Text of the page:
3. Interesting tasks for provenance in databases: I liked a couple of different papers that used the provenance functionality of database systems (i.e. provenance polynomials) for various tasks. For example, the work by Tanja Auge on using provenance to help create sharable portions of databases; or the work on expanding the explanation of queries to including contextual information (+10 points for using basketball examples); or the use of this functionality to support database education as presented by Sudeepa Roy in her keynote; or even to support provenance for SHACL.
  4. Provenance as a measure for data value: I really enjoyed Boris Glavic’s keynote on relevance-based data management. In particular, the idea of determining relevance of data and using that to understand which data has value and which doesn’t. Also check out his deck if you want a checklist for doing a keynote 😀

Overall, I think the workshop was a success. It was good to catch-up with old friends but also it was nice to hear from the younger scholars there that they felt connected to the community. Thanks to Yuval and Daniel for organising and also giving plenty of time for discussion during the workshop.

In addition to provenance week, there were a number of things that caught my eye at the conference. First, the Web Conf remains a top tier conference that’s challenging to get into. With 1891 submissions and acceptance rate of 19% in the research track. Given the quality of the conference there is an increasing number of submissions that maybe don’t really belong to the venue. Hence, I thought it was a great initiative by the organisers to really focus on defining what makes a web conference paper:

Generative AI

There was a lot of background discussion going on about generative AI and the implications for the web. Here, I would point to three of the keynotes. From the perspective of misinformation and the potential to expand that through generative AI, the keynote by David Rand specifically addressed misinformation and how to combat it from a social science perspective. More broadly Barbara Poblete’s advocated forcefully for inclusion in the development of AI systems and LLMs based on her research on developing social media and AI systems in Chile. Bob Metcalfe in his Turning Award speech discussed the idea of an engineering mindset and embracing the problems and opportunities of new technology. In his case, it was the internet, but why not for generative AI?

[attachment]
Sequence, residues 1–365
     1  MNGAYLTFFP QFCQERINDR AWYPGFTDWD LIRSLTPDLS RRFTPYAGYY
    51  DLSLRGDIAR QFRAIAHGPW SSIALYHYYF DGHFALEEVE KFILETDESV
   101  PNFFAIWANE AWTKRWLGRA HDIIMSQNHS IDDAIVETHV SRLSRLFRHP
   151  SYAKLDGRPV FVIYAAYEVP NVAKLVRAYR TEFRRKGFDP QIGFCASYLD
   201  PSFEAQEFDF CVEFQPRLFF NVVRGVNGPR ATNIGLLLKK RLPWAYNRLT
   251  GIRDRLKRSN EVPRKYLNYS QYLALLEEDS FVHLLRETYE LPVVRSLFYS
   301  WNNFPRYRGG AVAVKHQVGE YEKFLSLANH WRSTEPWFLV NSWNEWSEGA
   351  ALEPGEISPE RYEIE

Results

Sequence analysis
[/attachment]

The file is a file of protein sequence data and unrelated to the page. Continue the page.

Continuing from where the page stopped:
From the research talks, I liked the work on creating a pretrained knowledge graph model that can then be used by prompting. I also liked the work on doing query log analysis on prompt logs from users of generative models to help understand user intent. This is a pretty interesting analysis over quite a lot of prompts:

Generative AI also provides a new source of knowledge. A nifty example of this was from The Creative Web track where Bhavya et al. mined and importantly assessed creative analogies from GPT-3. Also there was nice example of extracting cultural common sense knowledge and the strengths and weaknesses of LLMs and knowledge graphs.


I spent some time in the history of the web sessions. This was really fun. Here, I would particularly call out the really great talk about the creation of Wikidata by Denny Vrandečić. It’s an amazing success story. Definitely checkout the whole talk on YouTube.

More broadly there were a number of useful talks about enriching Wikidata. Specifically, about completing Wikidata tables using GPT-3 and using Wikidata to seed an information extractor from the web. This later paper is interesting for me because it uses QA based information extraction with an LLM a technique that we’ve been researching heavily. What I thought was interesting is that they do the QA directly on the HTML source itself. They use Wikidata to fine tune this extraction model.

Taxonomies are back and a thought on KG completion

There were quite a number of papers on building taxonomies including the student best paper award. Pointers:

In general, automatically creating hierarchies are useful for browsing and also useful for computer vision problems. Whether these papers are truly tackling taxonomies or just building hierarchies was a discussion we were having in the coffee break.

More broadly in the sessions where these papers were presented, there were a lot of papers on link prediction/node classification in knowledge graphs whether it was with metapaths; tackling temporal knowledge graphs or using multiple modalities. I’ve done work on this task myself but it would be nice to see different topics and more importantly different evaluation datasets. As Denny noted, Freebase shutdown in 2014 and we’re still doing evaluation on it

Overall, I think the Web as an evolving platform still presents some of the most exciting research challenges in CS. Austin was a great place to have it. Kudos to the team and the community.

Random thoughts